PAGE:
On January 1, 2022, the Underused Housing Tax, a 1% yearly levy on the possession of vacant or underutilized real estate in Canada, came into effect. It’s meant to target non-resident, non-Canadians who own residential property (or multiple properties) that the CRA deems as “vacant” or “underused” as one of the measures to address Canada’s housing crisis.
There may be circumstances, however, when the Underused Housing Tax can affect Canadian citizens. The following is a summary of the highlights of this new tax. For more detailed information, follow the link above.
When is a Property “Underused?”
The Underused Housing Tax Act and the tax apply to residences that include:
- A detached home, a duplex or a triplex containing no more than three dwelling units.
- A part of a building that is a semi-detached home, a rowhouse unit or a residential condo.
- Other prescribed property, which can include other living spaces used as a residence.
Residential units under the Act are defined as those with a private living area and private kitchen and bath facilities. Such a property is considered underused if it is occupied less than 180 days in a year.
Who Does the Underused Housing Tax Apply To?
The Underused Housing Tax Act applies to every taxpayer who, on December 31 of a calendar year, owns a prescribed property and:
- Is not a Canadian citizen or permanent resident.
- Is a Canadian citizen or permanent resident who owns a qualifying residential property as a trustee of a trust (exclusive of personal representatives of deceased individuals.)
- Are people, including individuals who are Canadian citizens or permanent residents, that own a residential property as a partner in a partnership.
- Is a corporation that is incorporated outside of Canada.
- Is a Canadian corporation whose shares are not listed on a Canadian stock exchange designated for Canadian income tax purposes.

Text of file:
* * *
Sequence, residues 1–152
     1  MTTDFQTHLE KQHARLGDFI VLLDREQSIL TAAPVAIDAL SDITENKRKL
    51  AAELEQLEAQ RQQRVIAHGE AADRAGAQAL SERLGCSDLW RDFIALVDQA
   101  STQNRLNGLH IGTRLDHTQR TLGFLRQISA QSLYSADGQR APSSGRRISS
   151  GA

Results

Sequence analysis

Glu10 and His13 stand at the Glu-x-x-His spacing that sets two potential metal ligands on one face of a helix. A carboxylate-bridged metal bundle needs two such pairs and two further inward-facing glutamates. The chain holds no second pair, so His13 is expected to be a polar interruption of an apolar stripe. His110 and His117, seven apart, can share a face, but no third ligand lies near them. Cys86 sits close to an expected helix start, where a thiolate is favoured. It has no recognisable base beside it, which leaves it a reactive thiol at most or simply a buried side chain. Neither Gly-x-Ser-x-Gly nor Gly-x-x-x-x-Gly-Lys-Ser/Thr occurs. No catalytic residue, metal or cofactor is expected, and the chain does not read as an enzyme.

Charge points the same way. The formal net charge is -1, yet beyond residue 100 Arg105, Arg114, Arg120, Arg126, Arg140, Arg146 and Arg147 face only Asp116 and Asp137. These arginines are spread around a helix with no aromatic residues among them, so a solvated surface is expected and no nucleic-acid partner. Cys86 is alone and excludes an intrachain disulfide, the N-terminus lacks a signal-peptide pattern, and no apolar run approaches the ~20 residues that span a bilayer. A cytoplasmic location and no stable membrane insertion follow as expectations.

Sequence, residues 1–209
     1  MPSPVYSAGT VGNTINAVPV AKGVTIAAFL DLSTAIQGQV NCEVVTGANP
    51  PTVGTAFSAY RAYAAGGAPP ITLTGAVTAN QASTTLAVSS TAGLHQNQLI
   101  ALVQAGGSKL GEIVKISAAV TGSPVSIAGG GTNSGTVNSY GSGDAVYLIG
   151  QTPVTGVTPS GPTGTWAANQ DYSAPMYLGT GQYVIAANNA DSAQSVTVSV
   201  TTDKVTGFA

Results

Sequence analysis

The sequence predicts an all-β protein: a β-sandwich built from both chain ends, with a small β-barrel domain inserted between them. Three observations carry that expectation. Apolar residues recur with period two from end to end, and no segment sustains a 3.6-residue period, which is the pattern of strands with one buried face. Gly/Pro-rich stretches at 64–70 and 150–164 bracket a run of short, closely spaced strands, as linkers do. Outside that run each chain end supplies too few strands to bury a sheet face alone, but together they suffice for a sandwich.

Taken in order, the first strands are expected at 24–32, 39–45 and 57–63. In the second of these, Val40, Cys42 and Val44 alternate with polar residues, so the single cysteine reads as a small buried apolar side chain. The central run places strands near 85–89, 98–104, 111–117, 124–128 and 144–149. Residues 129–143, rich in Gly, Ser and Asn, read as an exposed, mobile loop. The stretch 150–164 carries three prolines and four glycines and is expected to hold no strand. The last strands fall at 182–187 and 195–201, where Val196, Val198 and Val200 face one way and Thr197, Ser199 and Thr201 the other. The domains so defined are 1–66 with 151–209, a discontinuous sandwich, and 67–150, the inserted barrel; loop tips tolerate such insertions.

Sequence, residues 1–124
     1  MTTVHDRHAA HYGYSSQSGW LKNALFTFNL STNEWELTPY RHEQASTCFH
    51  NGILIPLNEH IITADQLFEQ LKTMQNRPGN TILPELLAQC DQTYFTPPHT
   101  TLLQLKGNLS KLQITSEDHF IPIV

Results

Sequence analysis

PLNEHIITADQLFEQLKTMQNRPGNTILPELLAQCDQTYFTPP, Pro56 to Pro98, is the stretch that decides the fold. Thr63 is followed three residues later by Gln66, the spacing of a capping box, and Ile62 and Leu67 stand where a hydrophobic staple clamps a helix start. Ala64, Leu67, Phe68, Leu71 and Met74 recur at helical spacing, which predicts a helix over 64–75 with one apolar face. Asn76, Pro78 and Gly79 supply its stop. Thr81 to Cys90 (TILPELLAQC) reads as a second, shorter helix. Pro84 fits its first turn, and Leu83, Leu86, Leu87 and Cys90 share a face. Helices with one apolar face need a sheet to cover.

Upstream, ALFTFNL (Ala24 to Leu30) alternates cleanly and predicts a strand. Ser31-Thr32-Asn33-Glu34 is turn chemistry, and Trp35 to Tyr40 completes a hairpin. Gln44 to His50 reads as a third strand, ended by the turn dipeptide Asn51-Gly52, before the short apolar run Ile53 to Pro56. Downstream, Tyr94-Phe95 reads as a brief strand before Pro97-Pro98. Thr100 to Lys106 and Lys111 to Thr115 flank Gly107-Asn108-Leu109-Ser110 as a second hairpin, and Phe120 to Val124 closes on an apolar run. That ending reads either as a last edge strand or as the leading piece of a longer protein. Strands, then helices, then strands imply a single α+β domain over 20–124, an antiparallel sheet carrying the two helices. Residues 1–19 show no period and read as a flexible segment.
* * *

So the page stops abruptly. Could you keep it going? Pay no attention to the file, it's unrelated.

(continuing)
- Is a Canadian corporation without share capital.
They are referred to as “affected owners.”
Exemptions From the Underused Housing Tax
Exemptions to the UHT exist based on several factors, including the type of owner, availability of the property, location and use of the property and the property’s occupant.
Exemptions For Various Ownership Types
Exemptions based on ownership are available for a calendar year if you are:
- A specified Canadian corporation.
- A partner in a specified Canadian partnership or a trustee of a specified Canadian trust.
- A new owner in the calendar year
- A deceased owner or a co-owner or personal representative of a deceased owner.
Availability Parameters of a Residential Property that Qualify for an Exemption
You may qualify for an exemption from the UHT if the availability of your property was affected by the following circumstances:
- The fact that it was newly constructed.
- Its unsuitability for year-round living, e.g., it was seasonally inaccessible.
- It was uninhabitable for a certain number of days because of a disaster or dangerous conditions.
- It was under renovation.
Vacation properties such as cottages that are located in an eligible area of Canada and used by you or your spouse or common-law partner for at least 28 days in the calendar year may qualify for an exemption.
You can also qualify for an exemption if the property is the primary residence for you or your spouse or common-law partner or for your child who is attending a designated learning institution for at least 180 days in the calendar year.
Other occupancies that qualify for an exemption include periods of at least one month in a calendar year during which one of the following qualifying occupants continuously occupies the property:
- Individuals with a written contract who deal at arm’s length with you and your spouse or common-law partner.
- Individuals with a written contract who do not deal at arm’s length with you or your spouse or common-law partner but who pay a fair rent for the property.
- You, or your spouse or common-law partner, who has a Canadian work permit.
- Your spouse or common-law partner, parent or child who is a Canadian citizen or permanent resident.
Calculating Your Underused Tax Obligation
If you are an affected owner, to calculate how much you must pay in UHT, multiply the value of the residential property by the 1% tax rate. You then multiply that result by your ownership percentage of the property.
How to Determine the Value of Your Property
You can either use your property’s taxable value or its fair market value for your calculations. However, if you choose to use fair market value, you must file an election with the CRA. This will require you to get an appraisal of the property by an accredited, professional real estate appraiser operating at arm’s length. The appraisal report must be prepared specifically for the purpose of assisting in the administration of the Underused Housing Tax Act.
Filing A Return for the Underused Housing Tax
As an affected owner of a residential property in Canada on December 31, you must file an Underused Housing Tax return for the calendar year – even if you qualify for an exemption and you do not owe any tax. Returns can be filed electronically or by mail.